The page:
Student start-up hopes to ignite autonomous vehicle revolution
A University of Edinburgh start-up is trialing an autonomous food delivery service.
Pixconvey will test run the robot by delivering food from the Kings Buildings café to students across the campus.
It is hoped the trial will lead to a roll-out of the system across settings, including the NHS and airports.
Ebtehal Alotaibi, founder of the start-up, started the research after she lost her aunt in a car accident caused by driver error in 2014.
Alotaibi said: “The car accident also claimed the life of my aunt’s husband. She was just 30 and their three children were left without their parents.
“I did some research and found that 94 per cent of car accidents are caused by human error, so there is a lot of potential for driverless vehicles to be safer.”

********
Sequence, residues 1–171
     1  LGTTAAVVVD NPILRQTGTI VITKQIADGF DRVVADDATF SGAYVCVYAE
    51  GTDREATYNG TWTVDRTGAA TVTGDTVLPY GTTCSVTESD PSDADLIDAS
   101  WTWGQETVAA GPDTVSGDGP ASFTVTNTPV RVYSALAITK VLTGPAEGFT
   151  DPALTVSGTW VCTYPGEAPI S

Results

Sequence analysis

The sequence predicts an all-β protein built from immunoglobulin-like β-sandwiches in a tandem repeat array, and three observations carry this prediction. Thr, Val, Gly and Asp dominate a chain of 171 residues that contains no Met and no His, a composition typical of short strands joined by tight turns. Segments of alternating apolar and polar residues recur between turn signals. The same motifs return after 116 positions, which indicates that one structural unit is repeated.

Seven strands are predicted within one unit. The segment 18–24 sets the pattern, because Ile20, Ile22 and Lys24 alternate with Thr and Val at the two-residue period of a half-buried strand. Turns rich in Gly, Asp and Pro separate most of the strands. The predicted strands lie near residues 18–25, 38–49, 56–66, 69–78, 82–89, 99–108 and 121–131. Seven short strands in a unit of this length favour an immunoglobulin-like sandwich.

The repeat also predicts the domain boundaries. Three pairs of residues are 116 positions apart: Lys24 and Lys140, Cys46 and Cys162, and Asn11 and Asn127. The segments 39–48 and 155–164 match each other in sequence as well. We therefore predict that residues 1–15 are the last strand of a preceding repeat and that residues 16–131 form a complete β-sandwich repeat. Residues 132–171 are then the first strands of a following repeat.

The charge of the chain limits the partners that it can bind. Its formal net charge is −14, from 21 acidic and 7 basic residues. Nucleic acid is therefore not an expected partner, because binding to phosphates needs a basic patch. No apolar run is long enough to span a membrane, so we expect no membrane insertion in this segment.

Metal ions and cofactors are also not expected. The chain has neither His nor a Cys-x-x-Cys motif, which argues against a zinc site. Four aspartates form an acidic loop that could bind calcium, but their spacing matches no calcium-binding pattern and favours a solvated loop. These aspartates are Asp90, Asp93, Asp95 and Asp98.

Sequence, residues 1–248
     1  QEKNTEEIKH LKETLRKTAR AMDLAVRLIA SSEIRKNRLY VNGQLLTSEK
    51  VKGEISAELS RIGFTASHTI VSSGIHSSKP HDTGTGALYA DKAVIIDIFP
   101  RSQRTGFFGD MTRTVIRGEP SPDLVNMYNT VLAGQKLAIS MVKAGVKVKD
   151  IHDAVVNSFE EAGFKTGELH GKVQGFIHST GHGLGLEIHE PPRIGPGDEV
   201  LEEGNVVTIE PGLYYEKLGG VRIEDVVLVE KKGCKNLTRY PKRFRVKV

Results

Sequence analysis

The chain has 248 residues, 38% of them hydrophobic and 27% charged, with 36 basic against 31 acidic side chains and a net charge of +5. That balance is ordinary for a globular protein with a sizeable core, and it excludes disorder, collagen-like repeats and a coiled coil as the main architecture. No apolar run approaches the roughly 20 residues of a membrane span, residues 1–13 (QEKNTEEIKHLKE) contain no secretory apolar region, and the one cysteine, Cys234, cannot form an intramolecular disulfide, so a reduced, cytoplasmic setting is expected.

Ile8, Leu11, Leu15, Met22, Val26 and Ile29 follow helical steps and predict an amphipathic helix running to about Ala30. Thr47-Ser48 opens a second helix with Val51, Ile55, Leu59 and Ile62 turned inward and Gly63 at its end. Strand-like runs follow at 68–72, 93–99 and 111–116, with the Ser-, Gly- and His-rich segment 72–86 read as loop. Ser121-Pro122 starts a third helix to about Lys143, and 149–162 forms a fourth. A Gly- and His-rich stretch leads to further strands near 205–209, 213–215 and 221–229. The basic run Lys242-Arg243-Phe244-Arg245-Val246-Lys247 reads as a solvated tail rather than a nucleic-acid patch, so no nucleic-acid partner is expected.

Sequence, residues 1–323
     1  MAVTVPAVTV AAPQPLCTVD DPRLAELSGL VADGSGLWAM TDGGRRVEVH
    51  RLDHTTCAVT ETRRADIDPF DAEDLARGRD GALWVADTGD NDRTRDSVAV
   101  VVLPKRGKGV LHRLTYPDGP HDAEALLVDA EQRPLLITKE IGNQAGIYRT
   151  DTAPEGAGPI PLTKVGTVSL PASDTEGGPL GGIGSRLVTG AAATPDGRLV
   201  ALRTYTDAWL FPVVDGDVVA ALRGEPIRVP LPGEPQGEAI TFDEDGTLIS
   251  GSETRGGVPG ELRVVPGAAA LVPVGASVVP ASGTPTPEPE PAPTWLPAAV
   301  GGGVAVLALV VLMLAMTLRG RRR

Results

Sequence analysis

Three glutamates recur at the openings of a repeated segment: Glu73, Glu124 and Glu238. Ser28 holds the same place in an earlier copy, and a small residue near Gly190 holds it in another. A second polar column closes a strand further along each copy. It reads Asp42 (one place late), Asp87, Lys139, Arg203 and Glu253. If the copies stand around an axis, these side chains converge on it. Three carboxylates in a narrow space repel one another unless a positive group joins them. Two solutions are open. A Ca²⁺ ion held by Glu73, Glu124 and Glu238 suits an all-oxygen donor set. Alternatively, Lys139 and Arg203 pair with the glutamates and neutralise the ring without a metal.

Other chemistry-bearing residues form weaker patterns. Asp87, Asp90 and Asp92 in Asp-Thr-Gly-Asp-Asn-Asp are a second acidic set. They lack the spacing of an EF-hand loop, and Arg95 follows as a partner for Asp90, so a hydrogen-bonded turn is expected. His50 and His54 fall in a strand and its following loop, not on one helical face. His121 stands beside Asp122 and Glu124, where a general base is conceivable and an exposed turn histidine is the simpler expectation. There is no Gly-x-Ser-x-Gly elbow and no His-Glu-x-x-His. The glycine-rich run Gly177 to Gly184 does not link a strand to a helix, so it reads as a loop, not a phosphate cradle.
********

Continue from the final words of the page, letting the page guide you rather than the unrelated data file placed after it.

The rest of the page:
Known as Pixie, the self-driving robots were adapted from the Bayes Centre’s HUSKY model.
If successful, the trial could make food delivery more affordable and sustainable, Alotaibi claimed.
“Getting takeaway food delivered is increasingly expensive, partly due to labour costs and shortages.
“Where cars are used, it also increases greenhouse gas emissions and, during the pandemic, there were hygiene concerns too.
“We think Pixconvey can address all these issues – electric vehicles have zero emissions; our business model is an affordable monthly subscription for the restaurant and the robot sanitises food cartons using LED rays.”
It is hoped that Pixie will be tested on road settings if the campus trial succeeds.
Edinburgh Innovations, the University’s commercialisation service, also supports the project.
Currently, the mass deployment of autonomous vehicles on UK roads is under legal scrutiny.
In November, the UK Government introduced the autonomous vehicles bills to ensure the safe deployment of the technology.
The bill is going through its final reading in the House of Lords.